Three or four bears are prowling around Topaz Ranch Estates, but state wildlife officials are having difficulty trapping them because they find residents' trash far tastier than the bait.
Nevada Department of Wildlife Biologist Carl Lackey said bears have been peeking in windows and sleeping under trailers between Dumpster diving forays in the southern Douglas County community.
Bears are a problem because the area between Holbrook Junction and Jack Wright Pass is the route they use to get from the southern mountains into the Sierra Nevada.
"This is a major travel corridor for the bears and there are more and more people and more and more trash," Lackey said. "We've had traps down there, but we can't trap them. They don't need to go into the trap for some doughnuts, when they have whole Dumpsters they can dive in."
Douglas County has an ordinance requiring homeowners at Lake Tahoe to bear-proof their trash, but the ordinance does not extend to the rest of Douglas County.
Lackey said the bears don't recognize the boundary and are actually leaving Lake Tahoe for the valleys looking for unprotected trash.
"As more and more people bear-proof, the bears are moving to places that aren't as responsible with their trash," he said. "A jog over the mountains is nothing to them. We've been catching some former Tahoe bears in Markleeville and Washoe Valley. They can range 30 miles or more. But they're usually in no hurry."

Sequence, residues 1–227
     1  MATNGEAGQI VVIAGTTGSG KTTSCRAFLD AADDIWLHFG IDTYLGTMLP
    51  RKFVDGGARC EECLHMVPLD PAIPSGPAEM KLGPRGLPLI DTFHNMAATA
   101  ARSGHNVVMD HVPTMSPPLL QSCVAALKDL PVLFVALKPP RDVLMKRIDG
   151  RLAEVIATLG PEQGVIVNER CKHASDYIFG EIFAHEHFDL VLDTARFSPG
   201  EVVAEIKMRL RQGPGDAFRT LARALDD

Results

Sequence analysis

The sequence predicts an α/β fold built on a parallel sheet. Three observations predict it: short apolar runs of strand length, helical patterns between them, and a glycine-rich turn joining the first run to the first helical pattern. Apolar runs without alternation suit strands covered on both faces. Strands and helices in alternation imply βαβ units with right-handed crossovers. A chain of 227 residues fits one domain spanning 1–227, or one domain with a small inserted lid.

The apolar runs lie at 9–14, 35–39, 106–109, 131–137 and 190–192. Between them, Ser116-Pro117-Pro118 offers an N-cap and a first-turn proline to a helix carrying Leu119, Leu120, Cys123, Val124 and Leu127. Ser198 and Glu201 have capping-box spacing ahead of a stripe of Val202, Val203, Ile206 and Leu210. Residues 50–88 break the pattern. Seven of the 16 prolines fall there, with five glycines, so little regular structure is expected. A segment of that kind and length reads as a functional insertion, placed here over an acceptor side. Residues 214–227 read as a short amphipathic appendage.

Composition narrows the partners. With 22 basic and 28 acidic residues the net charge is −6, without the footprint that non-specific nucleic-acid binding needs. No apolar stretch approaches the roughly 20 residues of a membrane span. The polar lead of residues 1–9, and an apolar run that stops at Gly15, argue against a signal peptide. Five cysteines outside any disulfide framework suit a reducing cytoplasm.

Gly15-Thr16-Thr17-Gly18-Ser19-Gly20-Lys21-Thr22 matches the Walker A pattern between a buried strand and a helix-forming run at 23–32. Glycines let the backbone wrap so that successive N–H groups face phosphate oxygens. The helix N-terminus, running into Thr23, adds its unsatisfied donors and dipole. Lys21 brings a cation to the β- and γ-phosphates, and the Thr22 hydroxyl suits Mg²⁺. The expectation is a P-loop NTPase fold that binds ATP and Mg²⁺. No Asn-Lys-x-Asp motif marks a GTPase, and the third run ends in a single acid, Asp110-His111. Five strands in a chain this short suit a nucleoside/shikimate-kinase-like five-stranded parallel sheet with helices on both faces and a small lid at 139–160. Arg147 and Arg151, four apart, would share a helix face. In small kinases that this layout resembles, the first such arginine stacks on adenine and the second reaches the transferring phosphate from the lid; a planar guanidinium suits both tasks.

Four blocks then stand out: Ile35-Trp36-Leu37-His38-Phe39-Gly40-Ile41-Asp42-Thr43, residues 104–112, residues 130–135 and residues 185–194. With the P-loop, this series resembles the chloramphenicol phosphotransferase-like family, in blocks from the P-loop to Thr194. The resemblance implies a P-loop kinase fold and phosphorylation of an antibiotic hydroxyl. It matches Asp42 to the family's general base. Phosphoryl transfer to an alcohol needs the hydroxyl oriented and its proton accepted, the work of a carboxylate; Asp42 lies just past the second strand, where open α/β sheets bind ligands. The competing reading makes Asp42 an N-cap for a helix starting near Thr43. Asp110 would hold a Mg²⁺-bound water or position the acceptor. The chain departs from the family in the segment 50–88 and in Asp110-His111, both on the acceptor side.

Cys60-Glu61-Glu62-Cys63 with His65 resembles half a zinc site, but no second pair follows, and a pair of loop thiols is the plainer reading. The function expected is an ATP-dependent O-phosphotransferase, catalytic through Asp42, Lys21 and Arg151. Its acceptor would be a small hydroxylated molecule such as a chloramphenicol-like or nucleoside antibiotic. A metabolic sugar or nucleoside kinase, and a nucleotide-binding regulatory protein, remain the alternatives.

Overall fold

Lackey said the division doesn't relocate bears but does aversion training on site.
"But it's a short-term fix," he said. "The idea is not to make them leave their home range, but to take the bold bears who are active during the day and hanging out on people's porches and make them more nocturnal. We don't want them approaching people for food. We want them to revert to their shy, nocturnal behavior, especially around people."
All captured bears are tagged and some get radio collars. Lackey said the latest thing is to attach a global positioning system recorder to the bear.
"They store 11 fixes a day on the collar so that when we retrieve the collar, we know exactly where these bears have been."